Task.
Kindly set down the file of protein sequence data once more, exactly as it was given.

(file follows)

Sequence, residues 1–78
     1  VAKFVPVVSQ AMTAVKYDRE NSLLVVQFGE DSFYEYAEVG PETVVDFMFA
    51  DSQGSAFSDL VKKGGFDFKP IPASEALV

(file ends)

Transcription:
Sequence, residues 1–78
     1  VAKFVPVVSQ AMTAVKYDRE NSLLVVQFGE DSFYEYAEVG PETVVDFMFA
    51  DSQGSAFSDL VKKGGFDFKP IPASEALV